On Baptism, Against The Donatists

The Seven Books of Augustin, Bishop of Hippo, On Baptism, Against the Donatists

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Philip Schaff

corresponding to their error; but in them both the perfection of the sacrament is honored and the
delusion of their mind is corrected, even though it had become inveterate through long confirmation,
or been, perhaps, maintained in many controversies. Wherefore even the heretic, who is manifestly
without, if he has there received baptism as ordained in the gospel, has certainly not received
baptism of a kind corresponding to the error which blinds him. And therefore, in returning into
the way of wisdom he perceives that he ought to relinquish what he has held amiss, he must not at
the same time give up the good which he had received; nor because his error is to be condemned,
is the baptism of Christ in him to be therefore extinguished. For it is already sufficiently clear,
from the case of those who happen to be baptized within the Church with false views about God,
that the truth of the sacrament is to be distinguished from the error of him who believes amiss,
although both may be found in the same man. And therefore, when any one grounded in any error,
even outside the Church, has yet been baptized with the true sacrament, when he is restored to the
unity of the Church, a true baptism cannot take the place of a true baptism, as a true faith takes the
place of a false one, because a thing cannot take the place of itself, since neither can it give place.
Heretics therefore join the Catholic Church to this end, that what they have evil of themselves may
be corrected, not that what they have good of God should be repeated.

Chapter 16.—24. Some one says, Does it then make no difference, if two men, rooted in like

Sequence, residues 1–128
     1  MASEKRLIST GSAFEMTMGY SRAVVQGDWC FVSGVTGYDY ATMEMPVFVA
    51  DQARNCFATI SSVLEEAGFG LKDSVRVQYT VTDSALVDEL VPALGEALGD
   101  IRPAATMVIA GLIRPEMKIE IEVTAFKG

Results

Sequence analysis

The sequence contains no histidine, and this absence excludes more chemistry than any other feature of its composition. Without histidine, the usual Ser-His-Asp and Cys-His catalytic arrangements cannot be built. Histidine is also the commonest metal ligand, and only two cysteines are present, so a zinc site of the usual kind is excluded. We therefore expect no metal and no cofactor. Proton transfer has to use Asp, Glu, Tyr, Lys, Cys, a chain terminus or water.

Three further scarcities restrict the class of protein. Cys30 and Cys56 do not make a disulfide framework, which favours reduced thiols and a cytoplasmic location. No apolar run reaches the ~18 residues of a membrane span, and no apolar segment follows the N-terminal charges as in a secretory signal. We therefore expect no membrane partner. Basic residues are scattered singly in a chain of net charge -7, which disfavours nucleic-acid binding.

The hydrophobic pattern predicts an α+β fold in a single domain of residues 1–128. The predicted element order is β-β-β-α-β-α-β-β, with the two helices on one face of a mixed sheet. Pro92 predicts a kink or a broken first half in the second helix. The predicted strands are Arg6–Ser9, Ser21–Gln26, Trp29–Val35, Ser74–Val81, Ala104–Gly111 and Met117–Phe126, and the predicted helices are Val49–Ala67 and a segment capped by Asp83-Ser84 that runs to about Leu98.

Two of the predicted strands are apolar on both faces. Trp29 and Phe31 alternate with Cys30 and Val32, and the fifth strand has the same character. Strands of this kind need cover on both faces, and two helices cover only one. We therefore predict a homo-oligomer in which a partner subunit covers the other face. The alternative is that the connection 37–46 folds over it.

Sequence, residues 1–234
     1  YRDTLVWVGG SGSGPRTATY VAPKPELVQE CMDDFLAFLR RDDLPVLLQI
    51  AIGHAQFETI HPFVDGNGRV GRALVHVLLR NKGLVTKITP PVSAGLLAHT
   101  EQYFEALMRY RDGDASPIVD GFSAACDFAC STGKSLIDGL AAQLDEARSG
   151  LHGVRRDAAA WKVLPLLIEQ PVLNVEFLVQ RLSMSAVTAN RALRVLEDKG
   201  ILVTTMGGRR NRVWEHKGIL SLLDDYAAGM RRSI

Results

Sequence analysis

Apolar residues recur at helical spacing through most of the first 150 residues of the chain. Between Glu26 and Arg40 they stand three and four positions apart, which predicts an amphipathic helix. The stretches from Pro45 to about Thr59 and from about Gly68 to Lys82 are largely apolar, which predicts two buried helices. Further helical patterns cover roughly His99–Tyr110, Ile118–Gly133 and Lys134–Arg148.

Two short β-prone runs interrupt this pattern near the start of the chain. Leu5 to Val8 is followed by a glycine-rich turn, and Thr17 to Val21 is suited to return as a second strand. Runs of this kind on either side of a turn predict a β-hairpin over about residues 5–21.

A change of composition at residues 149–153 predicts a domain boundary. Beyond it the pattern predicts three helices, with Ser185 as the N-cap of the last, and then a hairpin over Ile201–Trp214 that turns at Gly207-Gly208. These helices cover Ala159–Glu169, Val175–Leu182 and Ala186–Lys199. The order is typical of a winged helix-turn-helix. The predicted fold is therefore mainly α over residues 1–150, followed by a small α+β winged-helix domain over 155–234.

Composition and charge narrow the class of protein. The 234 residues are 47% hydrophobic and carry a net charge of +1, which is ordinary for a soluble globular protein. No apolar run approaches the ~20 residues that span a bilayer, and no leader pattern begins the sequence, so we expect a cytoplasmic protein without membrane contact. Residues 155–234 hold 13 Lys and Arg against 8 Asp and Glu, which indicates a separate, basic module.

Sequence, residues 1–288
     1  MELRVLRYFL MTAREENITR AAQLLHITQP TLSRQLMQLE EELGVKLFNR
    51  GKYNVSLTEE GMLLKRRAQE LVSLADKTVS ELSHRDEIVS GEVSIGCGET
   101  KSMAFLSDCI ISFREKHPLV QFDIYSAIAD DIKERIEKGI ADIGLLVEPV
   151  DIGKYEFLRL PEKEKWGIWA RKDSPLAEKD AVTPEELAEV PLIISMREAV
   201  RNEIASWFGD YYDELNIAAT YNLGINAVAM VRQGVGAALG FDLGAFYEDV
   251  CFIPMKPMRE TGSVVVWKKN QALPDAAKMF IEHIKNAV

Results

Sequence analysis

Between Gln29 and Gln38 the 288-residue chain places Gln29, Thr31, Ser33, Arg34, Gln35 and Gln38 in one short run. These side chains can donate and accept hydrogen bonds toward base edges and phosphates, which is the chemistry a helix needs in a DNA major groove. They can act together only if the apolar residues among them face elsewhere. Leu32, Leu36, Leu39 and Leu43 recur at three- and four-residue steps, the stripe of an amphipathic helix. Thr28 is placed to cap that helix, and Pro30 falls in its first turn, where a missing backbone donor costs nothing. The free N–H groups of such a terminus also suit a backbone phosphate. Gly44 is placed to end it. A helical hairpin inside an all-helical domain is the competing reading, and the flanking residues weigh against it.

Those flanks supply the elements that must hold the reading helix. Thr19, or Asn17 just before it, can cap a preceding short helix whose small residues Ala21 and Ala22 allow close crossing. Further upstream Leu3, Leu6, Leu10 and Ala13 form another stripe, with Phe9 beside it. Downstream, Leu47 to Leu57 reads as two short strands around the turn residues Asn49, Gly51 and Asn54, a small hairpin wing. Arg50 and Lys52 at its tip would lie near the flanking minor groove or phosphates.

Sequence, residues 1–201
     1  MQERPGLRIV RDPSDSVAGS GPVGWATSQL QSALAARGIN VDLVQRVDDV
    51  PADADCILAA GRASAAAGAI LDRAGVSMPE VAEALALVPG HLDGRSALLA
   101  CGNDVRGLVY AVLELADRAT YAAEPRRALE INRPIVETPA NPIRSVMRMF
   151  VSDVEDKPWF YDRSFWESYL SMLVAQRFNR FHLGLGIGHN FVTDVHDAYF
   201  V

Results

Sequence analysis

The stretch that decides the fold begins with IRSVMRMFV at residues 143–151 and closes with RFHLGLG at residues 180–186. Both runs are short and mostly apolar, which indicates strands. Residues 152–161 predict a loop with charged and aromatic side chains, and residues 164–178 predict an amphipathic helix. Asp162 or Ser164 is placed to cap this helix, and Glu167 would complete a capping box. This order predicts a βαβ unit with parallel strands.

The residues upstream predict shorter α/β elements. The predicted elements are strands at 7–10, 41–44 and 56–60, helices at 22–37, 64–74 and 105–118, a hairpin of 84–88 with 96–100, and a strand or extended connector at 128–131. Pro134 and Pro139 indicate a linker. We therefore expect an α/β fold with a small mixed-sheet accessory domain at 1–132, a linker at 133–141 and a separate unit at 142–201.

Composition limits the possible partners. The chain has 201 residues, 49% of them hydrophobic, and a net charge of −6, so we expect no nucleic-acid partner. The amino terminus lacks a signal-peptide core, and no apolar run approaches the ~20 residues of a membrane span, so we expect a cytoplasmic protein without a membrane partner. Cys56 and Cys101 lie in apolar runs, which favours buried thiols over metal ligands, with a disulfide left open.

error and wickedness, be baptized without change of life or heart, one without, the other within the
Church? I acknowledge that there is a difference. For he is worse who is baptized without, in
addition to his other sin,—not because of his baptism, however, but because he is without; for the
evil of division is in itself far from insignificant or trivial. Yet the difference exists only if he who
is baptized within has desired to be within not for the sake of any earthly or temporal advantage,
but because he has preferred the unity of the Church spread throughout the world to the divisions
of schism; otherwise he too must be considered among those who are without. Let us therefore
put the two cases in this way. Let us suppose that the one, for the sake of argument, held the same
opinions as Photinus 1439 about Christ, and was baptized in his heresy outside the communion of
the Catholic Church; and that another held the same opinion but was baptized in the Catholic
Church, believing that his view was really the Catholic faith. I consider him as not yet a heretic,
unless, when the doctrine of the Catholic faith is made clear to him, he chooses to resist it, and
prefers that which he already holds; and till this is the case, it is clear that he who was baptized
outside is the worse. And so in the one case erroneous opinion alone, in the other the sin of schism
also, requires correction; but in neither of them is the truth of the sacrament to be repeated. But if
any one holds the same view as the first, and knows that it is only in heresy severed from the Church

1439

Various Synods from 345 on anathematized Photinus, the bishop of Sirmium. The two of Sirmium, 351 and 357, accused
him of constituting two Gods.

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